FBI docs linked to Hillary Clinton role in Vince Foster’s suicide missing – report

FILE PHOTO: Hillary Clinton (L) and Vince Foster © Reuters
The FBI’s reports linked to Hillary Clinton’s role in the death of Vince Foster, a White House counsel and her friend, have allegedly gone missing. A journalistic investigation says it could be Clinton’s humiliation that pushed Foster to suicide.

According to Daily Mail, documents containing interviews of Clinton conducted after Foster’s death in July 1993 have vanished from the National Archives.

The report claims that author and journalist Ronald Kessler visited the National Archives and Records Service in College Park, Maryland multiple times to review the reports submitted by FBI agents investigating Foster’s suicide.

On his first visit, Kessler received a box of documents, all related to Foster’s suicide – interviews with the medical examiner, US Park Police officers and White House aides.

However, when he visited the archives the second time, the box with allegedly the same set of documents did not have reports on Clinton’s role in the death of her husband’s aide.

Based on interviews of both officials and Foster’s family, the FBI found that a week before the former Bill Clinton aide killed himself, he attended a meeting with Hillary at the White House to discuss her proposed healthcare legislation.

Two former FBI agents told Kessler that the former First Lady publicly ridiculed Foster, accusing him of “failing” and “not protecting” them.

“Hillary blamed him for failed nominations, claimed he had not vetted them properly, and said in front of his White House colleagues, 'You're not protecting us' and 'You have failed us,'” [former FBI supervisory agent Jim] Clemente said, adding that Foster “was profoundly depressed.”

“That was the final blow,” he added.

READ MORE: FBI sends Clinton investigation docs to Congress as Republicans seek perjury charges

Another FBI agent, Coy Copeland, told Kessler that “Hillary put him down really, really bad in a pretty good-size meeting.”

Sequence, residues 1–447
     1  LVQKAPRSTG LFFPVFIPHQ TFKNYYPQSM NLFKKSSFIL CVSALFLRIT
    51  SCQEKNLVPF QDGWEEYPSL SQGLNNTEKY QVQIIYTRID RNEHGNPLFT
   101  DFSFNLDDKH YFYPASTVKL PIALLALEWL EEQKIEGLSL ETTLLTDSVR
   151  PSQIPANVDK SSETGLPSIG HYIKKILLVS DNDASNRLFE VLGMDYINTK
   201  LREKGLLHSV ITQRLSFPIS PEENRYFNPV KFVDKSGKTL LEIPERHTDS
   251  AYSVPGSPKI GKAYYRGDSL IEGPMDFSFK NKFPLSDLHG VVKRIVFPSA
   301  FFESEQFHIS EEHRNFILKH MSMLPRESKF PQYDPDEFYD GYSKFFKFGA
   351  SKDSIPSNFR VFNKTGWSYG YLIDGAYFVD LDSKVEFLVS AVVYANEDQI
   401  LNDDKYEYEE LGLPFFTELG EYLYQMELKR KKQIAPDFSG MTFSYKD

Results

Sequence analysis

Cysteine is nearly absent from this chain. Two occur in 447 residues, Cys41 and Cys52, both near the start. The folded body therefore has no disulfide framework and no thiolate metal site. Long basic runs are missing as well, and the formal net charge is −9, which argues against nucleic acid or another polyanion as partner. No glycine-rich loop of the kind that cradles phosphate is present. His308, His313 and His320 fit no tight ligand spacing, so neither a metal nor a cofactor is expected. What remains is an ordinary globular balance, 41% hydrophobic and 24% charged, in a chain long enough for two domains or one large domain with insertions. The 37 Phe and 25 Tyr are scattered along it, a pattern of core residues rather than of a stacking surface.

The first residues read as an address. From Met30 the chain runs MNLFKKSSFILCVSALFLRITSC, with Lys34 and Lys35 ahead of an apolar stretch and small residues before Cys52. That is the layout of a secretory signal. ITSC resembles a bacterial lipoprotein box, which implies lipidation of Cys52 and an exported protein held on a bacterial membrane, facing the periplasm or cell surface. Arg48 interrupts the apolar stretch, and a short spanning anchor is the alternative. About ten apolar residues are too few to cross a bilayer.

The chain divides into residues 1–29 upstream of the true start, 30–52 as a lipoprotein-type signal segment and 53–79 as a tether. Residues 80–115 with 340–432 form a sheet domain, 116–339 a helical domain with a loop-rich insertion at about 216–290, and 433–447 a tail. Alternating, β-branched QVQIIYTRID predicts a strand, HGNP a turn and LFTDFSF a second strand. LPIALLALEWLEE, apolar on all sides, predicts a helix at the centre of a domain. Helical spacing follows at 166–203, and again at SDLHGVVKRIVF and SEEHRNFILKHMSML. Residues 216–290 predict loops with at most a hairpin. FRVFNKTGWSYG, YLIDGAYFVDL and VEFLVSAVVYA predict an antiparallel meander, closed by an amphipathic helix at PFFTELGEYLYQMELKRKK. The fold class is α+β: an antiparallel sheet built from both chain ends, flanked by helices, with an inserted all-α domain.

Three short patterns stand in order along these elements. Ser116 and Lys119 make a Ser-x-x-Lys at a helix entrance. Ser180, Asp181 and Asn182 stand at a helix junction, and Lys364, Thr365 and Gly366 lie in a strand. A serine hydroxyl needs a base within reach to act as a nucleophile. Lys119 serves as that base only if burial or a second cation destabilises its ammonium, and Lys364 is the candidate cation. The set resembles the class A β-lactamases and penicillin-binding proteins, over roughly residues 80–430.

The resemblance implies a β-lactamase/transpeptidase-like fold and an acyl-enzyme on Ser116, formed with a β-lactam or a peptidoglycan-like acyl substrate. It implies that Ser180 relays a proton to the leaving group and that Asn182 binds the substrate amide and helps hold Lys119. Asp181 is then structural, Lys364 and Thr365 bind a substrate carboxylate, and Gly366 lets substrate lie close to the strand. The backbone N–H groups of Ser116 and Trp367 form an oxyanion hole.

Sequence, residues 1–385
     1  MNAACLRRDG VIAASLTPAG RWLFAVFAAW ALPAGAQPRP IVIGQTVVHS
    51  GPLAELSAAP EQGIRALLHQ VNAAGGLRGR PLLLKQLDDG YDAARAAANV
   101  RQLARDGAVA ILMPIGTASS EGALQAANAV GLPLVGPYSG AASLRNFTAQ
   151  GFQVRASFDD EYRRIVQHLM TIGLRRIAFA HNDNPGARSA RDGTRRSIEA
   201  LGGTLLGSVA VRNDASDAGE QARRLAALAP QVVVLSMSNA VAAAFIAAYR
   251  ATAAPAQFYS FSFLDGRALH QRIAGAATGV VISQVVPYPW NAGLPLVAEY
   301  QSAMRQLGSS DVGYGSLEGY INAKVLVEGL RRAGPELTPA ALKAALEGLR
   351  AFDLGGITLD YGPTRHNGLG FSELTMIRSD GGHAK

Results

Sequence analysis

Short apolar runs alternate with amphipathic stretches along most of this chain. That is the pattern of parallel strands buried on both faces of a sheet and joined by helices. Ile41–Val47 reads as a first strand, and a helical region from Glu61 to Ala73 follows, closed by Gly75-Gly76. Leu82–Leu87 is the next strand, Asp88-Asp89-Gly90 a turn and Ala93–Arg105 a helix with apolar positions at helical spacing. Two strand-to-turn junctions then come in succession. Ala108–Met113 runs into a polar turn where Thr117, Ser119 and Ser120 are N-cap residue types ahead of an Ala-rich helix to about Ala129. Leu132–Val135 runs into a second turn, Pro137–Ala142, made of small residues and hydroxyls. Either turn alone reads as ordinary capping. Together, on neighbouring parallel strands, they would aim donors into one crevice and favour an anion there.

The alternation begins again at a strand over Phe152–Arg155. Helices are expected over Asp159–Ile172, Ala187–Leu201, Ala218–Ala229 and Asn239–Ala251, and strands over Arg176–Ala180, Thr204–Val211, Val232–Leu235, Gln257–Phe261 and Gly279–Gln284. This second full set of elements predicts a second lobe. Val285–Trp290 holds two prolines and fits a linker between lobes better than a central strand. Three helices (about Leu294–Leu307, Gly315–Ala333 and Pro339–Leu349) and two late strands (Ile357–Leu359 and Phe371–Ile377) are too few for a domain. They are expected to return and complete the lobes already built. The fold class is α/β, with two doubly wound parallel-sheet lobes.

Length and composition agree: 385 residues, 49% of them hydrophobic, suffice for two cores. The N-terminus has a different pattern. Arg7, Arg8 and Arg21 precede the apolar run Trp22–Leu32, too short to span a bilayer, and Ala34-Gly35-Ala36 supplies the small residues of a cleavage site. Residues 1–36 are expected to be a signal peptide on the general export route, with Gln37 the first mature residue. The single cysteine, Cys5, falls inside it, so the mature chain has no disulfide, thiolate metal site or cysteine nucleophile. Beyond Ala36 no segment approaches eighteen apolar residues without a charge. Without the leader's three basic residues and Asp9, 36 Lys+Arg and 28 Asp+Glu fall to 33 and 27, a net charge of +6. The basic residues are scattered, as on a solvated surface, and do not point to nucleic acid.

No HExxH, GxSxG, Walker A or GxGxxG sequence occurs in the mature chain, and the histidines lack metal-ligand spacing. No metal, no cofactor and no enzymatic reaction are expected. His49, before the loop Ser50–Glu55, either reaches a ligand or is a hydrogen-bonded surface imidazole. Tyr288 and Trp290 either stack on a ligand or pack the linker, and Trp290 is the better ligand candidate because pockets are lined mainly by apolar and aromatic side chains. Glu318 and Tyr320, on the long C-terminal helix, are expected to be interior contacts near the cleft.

“She told him he didn't get the picture, and he would always be a little hick town lawyer who was obviously not ready for the big time,” he said, while also calling the meeting “the final straw that broke the camel's back,” apparently referring to Foster’s depression.

However, Kessler failed to find either of the FBI documents that might have Hillary Clinton’s interviews with the agents.

“He examined all eight boxes but found no interviews by any investigator that detail either a meeting between Hillary Clinton and Vince Foster or the effects of a meeting between Hillary Clinton and Vince Foster on Vince Foster's state of mind,” the archives' public liaison Martha Murphy said of Kessler after he filed a Freedom of Information request with the National Archives.

Murphy said they searched for “the records that would be responsive” to Kessler’s request and concluded that they could not be found.

Yet, the archives' director of communications and marketing, when asked for a comment, refused to admit that the documents were missing, suggesting that they might be somewhere else.

“We do not agree with your conclusion that the records you requested are missing from the National Archives simply because we were unable to locate any responsive records in response to your request,” he told Kessler.

Valceanu did not rule out that the FBI interviews were not filed to the archives and could still be hidden in over 3,000 boxes containing 7.5 million pages of records.

The three-year investigation of Foster’s death was conducted by the office of Whitewater independent counsel Kenneth W. Starr, who at the time was investigating another controversy surrounding the Clintons.

In the end, Starr decided to conceal the FBI's findings in his final report, Kessler wrote.

Foster took his own life on July 20, 1993, at Fort Marcy Park along the Potomac River. It was concluded that he shot himself with a .38 caliber revolver in the mouth.

This is not the first time Clinton-related documents have vanished. In March 2009, the archives failed to find an external hard drive from the Bill Clinton White House containing confidential data.

A criminal investigation was opened and a reward of up to $50,000 for information leading to recovery of the hard drive was placed.